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06/21/88 Barbara Bailey Et Al., v. D. J. Petroff


June 21, 1988

BARBARA BAILEY ET AL., PLAINTIFFS-APPELLANTS

v.

D. J. PETROFF, DEFENDANT-APPELLEE

APPELLATE COURT OF ILLINOIS, FIFTH DISTRICT

525 N.E.2d 278, 170 Ill. App. 3d 791, 121 Ill. Dec. 472 1988.IL.977

Appeal from the Circuit Court of Madison County; the Hon. A. A. Matoesian, Judge, presiding.

APPELLATE Judges:

PRESIDING JUSTICE HARRISON delivered the opinion of the court. WELCH and LEWIS, JJ., concur.

DECISION OF THE COURT DELIVERED BY THE HONORABLE JUDGE HARRISON

Plaintiffs Barbara Bailey and David Bailey, Sr., appeal from a judgment of the circuit court of Madison County which dismissed with prejudice their individual claims for medical malpractice against defendant, Dr. D. J. Petroff. Those claims, set forth in counts I and III of plaintiffs' second amended complaint, were dismissed by the court on the grounds that they were not commenced within the time limited by law. On this appeal, plaintiffs contend that the circuit court's judgment should be reversed and the cause remanded because their claims were timely under section 2-616(b) of the Code of Civil Procedure (Ill. Rev. Stat. 1987, ch. 110, par. 2-616(b)). In the alternative, they argue that the circuit court's judgment should be set aside because defendant waived his right to assert a statute of limitations defense. For the reasons which follow, we affirm.

In order to properly analyze plaintiffs' appeal, a brief review of the history of the pleadings is necessary. The case commenced on February 19, 1985, when Barbara Bailey, as "mother and next friend of David Bailey, a minor" filed a three-count complaint for damages against Dr. Petroff and Merrill Dow Pharmaceuticals, Inc. Count I of that complaint, directed against Dr. Petroff, alleged that Petroff had treated Barbara during her pregnancy and provided prenatal care for David. Barbara gave birth to David on January 25, 1983, and David was subsequently discovered to be suffering from serious birth defects. According to the complaint, these birth defects were caused by the medical malpractice of Dr. Petroff. Specifically, the complaint alleged that Dr. Petroff had failed to exercise the care and skill required of him under the circumstances in that he did one or more of the following:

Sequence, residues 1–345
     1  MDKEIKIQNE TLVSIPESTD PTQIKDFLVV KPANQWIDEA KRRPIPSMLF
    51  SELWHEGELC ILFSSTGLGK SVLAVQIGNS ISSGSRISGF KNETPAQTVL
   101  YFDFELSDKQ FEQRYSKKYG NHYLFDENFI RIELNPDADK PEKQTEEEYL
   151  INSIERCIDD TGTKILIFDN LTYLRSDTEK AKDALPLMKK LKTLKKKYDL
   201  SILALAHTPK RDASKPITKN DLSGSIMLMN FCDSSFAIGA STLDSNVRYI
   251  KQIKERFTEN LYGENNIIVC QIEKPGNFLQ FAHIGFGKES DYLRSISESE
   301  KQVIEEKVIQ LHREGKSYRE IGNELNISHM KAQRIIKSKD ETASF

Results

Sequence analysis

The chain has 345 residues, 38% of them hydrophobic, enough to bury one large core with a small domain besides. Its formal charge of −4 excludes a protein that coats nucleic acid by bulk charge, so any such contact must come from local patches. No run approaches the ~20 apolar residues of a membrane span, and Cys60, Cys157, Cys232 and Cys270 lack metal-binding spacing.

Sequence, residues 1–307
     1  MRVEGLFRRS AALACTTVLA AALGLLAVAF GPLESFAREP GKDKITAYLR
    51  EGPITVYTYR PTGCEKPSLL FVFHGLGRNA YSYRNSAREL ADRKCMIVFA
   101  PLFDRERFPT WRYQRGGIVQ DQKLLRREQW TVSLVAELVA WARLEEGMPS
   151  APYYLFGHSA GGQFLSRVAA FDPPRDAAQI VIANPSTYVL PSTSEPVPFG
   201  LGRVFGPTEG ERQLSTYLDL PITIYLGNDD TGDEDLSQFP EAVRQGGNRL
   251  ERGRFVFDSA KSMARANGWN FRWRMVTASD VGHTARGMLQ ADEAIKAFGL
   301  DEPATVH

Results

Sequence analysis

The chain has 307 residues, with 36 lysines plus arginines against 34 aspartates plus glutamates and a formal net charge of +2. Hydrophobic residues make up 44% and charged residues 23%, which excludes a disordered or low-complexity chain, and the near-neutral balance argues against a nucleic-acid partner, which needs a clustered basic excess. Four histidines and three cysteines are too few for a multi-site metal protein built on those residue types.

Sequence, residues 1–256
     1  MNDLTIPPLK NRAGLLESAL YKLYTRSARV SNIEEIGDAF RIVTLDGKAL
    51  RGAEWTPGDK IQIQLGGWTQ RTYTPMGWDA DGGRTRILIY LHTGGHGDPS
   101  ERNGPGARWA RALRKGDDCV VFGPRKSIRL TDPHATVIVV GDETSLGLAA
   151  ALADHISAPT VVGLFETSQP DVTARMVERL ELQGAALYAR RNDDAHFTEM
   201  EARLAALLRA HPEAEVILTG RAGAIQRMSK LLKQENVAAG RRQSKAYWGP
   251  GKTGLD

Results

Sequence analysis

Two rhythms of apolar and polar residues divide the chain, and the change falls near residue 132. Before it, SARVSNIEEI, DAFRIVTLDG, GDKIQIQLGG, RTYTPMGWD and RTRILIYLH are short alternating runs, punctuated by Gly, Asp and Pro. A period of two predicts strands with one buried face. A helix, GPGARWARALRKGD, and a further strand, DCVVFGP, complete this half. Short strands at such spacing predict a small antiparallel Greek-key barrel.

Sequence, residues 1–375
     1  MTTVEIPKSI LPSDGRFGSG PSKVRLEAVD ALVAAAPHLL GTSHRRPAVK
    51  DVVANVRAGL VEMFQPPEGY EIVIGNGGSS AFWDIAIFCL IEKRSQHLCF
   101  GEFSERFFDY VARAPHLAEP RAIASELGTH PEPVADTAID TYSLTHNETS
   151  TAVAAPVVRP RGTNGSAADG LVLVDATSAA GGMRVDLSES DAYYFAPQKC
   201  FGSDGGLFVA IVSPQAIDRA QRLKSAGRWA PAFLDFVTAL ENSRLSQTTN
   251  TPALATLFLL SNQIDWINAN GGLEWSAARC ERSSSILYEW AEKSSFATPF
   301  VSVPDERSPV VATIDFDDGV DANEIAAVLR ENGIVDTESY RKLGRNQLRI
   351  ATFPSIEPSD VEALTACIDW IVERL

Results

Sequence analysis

"(a) Negligently and carelessly gave plaintiff, Barbara Bailey, a prescription for the drug Bendectin when defendant knew or should have known of its ability to cause birth defects;

(b) Negligently and carelessly failed to keep informed of the medical literature concerning adverse effects of Bendectin when prescribed for pregnancy;

(c) Failed to recommend the proper dosage of Bendectin for the plaintiff, Barbara Bailey."

Counts II and III of the complaint were directed against Merrill Dow Pharmaceuticals, Inc. They alleged causes of action based, respectively, on products liability and negligence arising from Merrill Dow's manufacture, distribution, and sale of Bendectin. Both counts were subsequently dismissed voluntarily and without prejudice on a motion filed by plaintiff pursuant to section 2-1009 of the Code of Civil Procedure (Ill. Rev. Stat. 1987, ch. 110, par. 2-1009).

Dr. Petroff filed an answer to the complaint on March 22, 1985. Nearly one year later, following the voluntary dismissal of Merrill Dow from the case, plaintiff moved for leave to file an amended complaint. Leave was granted by the court without objection, and on March 5, 1986, the first amended complaint was filed. That complaint also contained three counts, but Merrill Dow was no longer named as a party. The sole defendant was Dr. Petroff. Once again, Petroff was alleged to have committed malpractice. The basis for that malpractice, however, changed significantly. All references to his prescription of the drug Bendectin to Barbara Bailey were omitted. Instead, it was now alleged:

"(a) Defendant negligently and carelessly failed to inform the plaintiff that the complications of her pregnancy were not normal;

(b) Defendant negligently and carelessly failed to inform the plaintiff of the availability of diagnostic tests to detect abnormalities of fetuses;

(c) Defendant negligently and carelessly failed to prescribe necessary diagnostic tests to determine whether the fetus was normal;

(d) Defendant negligently and carelessly assured the plaintiff that her pregnancy was proceeding normally, when there was reason to believe that it was not."

According to the complaint, Barbara Bailey and David Bailey, Sr., allowed Barbara Bailey's pregnancy to continue to term and she gave birth to David Bailey, Jr., a "genetically defective child," as a direct and proximate result of one or more of the foregoing acts or omissions by Petroff.